Author(s): Eric Jay Dolin
Eric Jay Dolin traces America's fraught relationship with China back to the unforgiving nineteenth-century seas that separated a brash, rising naval power from a battered ancient empire. It is a prescient fable for our time, one that continues to shed light on America's modern relationship with China. Indeed, the trade in furs, opium and beche-de-mer - a rare sea cucumber delicacy - might have catalysed America's emerging economy but it also sparked an ecological and human rights catastrophe of such proportions that the reverberations can still be felt today. Peopled with fascinating characters - from the "Financier of the Revolution" Robert Morris to the Qianlong Emperor - this is a page-turning saga of pirates and politicians, coolies and concubines.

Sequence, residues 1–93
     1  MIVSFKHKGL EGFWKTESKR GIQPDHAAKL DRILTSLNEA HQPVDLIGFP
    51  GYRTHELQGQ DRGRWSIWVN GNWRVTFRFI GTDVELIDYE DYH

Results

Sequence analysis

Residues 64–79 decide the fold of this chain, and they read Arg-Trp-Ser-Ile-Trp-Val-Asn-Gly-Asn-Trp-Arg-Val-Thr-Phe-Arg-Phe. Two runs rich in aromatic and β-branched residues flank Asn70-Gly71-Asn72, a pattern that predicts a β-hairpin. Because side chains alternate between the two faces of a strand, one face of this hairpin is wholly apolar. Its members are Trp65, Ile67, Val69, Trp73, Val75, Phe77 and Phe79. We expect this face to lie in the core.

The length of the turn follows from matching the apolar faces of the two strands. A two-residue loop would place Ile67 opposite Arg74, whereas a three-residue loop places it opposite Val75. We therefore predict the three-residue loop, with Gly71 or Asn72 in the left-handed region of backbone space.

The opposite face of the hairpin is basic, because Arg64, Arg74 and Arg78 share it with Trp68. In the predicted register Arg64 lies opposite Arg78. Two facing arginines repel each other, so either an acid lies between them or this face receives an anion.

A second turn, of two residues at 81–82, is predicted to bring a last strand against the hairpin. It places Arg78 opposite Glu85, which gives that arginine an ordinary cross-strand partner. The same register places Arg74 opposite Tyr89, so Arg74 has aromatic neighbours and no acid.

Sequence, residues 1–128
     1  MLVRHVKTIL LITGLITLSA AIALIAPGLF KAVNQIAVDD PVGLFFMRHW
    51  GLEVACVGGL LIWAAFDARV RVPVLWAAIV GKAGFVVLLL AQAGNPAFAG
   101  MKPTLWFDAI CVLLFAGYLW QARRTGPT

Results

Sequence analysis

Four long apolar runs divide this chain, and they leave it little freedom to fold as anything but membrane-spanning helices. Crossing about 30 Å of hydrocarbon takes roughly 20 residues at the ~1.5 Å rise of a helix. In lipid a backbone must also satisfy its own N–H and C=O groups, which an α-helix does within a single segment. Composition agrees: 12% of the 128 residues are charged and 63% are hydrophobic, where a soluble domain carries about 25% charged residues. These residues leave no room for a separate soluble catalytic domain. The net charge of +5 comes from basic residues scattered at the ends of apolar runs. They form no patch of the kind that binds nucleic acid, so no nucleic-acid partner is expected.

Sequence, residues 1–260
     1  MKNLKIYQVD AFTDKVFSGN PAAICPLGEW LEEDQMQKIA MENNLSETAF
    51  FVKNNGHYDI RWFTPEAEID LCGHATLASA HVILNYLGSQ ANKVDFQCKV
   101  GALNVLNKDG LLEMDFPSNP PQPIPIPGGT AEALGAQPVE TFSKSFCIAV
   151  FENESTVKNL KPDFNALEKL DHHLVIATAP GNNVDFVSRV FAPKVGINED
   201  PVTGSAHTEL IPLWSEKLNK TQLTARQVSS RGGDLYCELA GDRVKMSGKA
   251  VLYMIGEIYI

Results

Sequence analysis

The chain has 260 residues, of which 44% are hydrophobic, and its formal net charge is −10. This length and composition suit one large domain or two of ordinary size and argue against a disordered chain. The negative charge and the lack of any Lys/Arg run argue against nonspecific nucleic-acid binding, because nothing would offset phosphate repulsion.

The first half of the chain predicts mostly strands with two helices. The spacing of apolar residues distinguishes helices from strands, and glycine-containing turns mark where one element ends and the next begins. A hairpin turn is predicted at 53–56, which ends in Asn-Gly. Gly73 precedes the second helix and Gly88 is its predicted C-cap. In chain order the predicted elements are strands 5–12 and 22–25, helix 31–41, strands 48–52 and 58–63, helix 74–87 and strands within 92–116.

This sweeping popular history... brews up a rich and satisfying narrative of the exotic intersection of the silk, tea, and opium trade and the missionary zeal that characterized America's engagement with the still mysterious 'Middle Kingdom' in the eighteenth and nineteenth centuries. With a flair for dramatic and fast-paced storytelling, Dolin provides the reader with nuanced insights into everything from pirates, the world-changing impact of the silk trade, the British-Chinese Opium War of the 1840s, and the fearlessness (and na vet ) of the early missionaries to good old-fashioned tales of adventure on the high seas.
Eric Jay Dolin is the author of the "magnificent" (Geographical Magazine) Fur, Fortune, and Empire (ISBN 978 0 393 34002 0) and Leviathan, (ISBN 978 0 393 33157 8). Author website: www.ericjaydolin.com